Design Patterns

Created: 3/20/2017
Updated: 8/14/2017

Works Cited

  • Gamma, E, Helm, R, Johnson, R, Vlissides, J. Design Patterns. Addison-Wesley, 1995. 151.
  • Wikipedia Contributors. "Design Patterns." Wikipedia, The Free Encyclopedia. Wikipedia, The Free Encyclopedia, 5 April 2017. Web. 5 April 2017.

Creational Patterns

Creational patterns deal with instantiating objects.

Factory

What: An object that creates other objects.
Why: 1) Having a single object handle multiple variations based on its parameters can increase complexity for maintenance. 2) Furthermore, determining which object instance to create may have external dependencies. Use factory methods to create objects without having to specify the exact class instance to decouple the class from external dependencies. A factory method returns either an interface or a child class (of the factory class).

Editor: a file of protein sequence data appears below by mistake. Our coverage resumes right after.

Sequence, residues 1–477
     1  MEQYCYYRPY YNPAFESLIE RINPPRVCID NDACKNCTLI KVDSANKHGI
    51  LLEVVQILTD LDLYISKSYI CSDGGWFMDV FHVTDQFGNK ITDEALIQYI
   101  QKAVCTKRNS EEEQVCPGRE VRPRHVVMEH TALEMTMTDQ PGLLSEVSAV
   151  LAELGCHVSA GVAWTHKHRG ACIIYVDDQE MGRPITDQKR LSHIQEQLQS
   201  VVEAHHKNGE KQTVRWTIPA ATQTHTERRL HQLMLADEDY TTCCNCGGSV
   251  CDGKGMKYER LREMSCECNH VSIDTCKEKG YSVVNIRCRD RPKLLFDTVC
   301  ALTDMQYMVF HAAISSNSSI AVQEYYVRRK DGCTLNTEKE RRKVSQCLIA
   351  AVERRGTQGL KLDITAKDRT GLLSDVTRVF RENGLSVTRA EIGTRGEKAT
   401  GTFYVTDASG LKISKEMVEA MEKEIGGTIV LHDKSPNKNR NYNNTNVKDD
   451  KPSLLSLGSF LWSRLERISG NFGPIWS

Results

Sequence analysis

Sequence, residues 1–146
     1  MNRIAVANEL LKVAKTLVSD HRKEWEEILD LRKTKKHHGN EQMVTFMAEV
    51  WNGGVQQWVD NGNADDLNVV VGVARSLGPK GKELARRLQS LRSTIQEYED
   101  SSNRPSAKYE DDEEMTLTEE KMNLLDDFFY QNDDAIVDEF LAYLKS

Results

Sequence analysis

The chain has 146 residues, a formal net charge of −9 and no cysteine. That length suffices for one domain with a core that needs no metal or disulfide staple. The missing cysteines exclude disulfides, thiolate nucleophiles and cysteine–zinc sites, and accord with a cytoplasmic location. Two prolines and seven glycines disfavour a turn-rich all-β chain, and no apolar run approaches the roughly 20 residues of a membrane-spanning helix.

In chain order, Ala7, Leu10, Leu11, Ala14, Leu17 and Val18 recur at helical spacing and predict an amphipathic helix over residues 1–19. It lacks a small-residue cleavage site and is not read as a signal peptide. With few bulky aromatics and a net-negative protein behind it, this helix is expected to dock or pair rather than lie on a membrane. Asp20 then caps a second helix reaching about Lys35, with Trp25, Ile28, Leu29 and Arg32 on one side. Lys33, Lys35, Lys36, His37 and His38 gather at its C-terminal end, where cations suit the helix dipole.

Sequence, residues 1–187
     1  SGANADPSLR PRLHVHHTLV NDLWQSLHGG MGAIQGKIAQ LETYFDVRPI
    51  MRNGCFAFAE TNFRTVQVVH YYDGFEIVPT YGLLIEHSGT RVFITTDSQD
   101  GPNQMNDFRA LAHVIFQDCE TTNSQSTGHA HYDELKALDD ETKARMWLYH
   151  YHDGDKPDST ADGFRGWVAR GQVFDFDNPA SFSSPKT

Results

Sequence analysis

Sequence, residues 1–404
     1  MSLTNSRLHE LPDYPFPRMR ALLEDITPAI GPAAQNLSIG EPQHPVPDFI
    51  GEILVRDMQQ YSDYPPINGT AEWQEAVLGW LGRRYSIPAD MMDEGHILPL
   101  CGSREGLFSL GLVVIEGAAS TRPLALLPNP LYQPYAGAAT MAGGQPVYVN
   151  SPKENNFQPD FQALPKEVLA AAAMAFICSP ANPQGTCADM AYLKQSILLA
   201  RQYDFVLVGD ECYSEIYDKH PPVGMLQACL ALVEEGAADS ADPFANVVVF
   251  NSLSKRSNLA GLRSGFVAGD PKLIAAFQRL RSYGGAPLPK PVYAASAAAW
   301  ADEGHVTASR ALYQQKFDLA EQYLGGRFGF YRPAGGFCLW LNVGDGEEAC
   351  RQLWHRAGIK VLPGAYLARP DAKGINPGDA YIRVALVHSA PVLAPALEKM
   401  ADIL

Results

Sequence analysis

Example:
class Factory { IProduct createProduct(enum externalDependency) { switch (externalDependency) { case ProductOneType: return new ProductOne(); case ProductTwoType: return new ProductTwo(); default: throw new Exception($"Invalid enum: {externalDependency}"); } } } Interface IProduct { ... } class ProductOne : IProduct { ... } class ProductTwo : IProduct { ... }

Builder

What: An object that receives parameters step-by-step and returns a constructed object from the provided parameters.
Why: Having too many parameters can make a method difficult to maintain and use. The builder pattern can be used to pass parameters to create an object over a series of steps. The builder pattern also can be used to avoid the need to have multiple constructors, which may also be problematic for maintenance.

Example: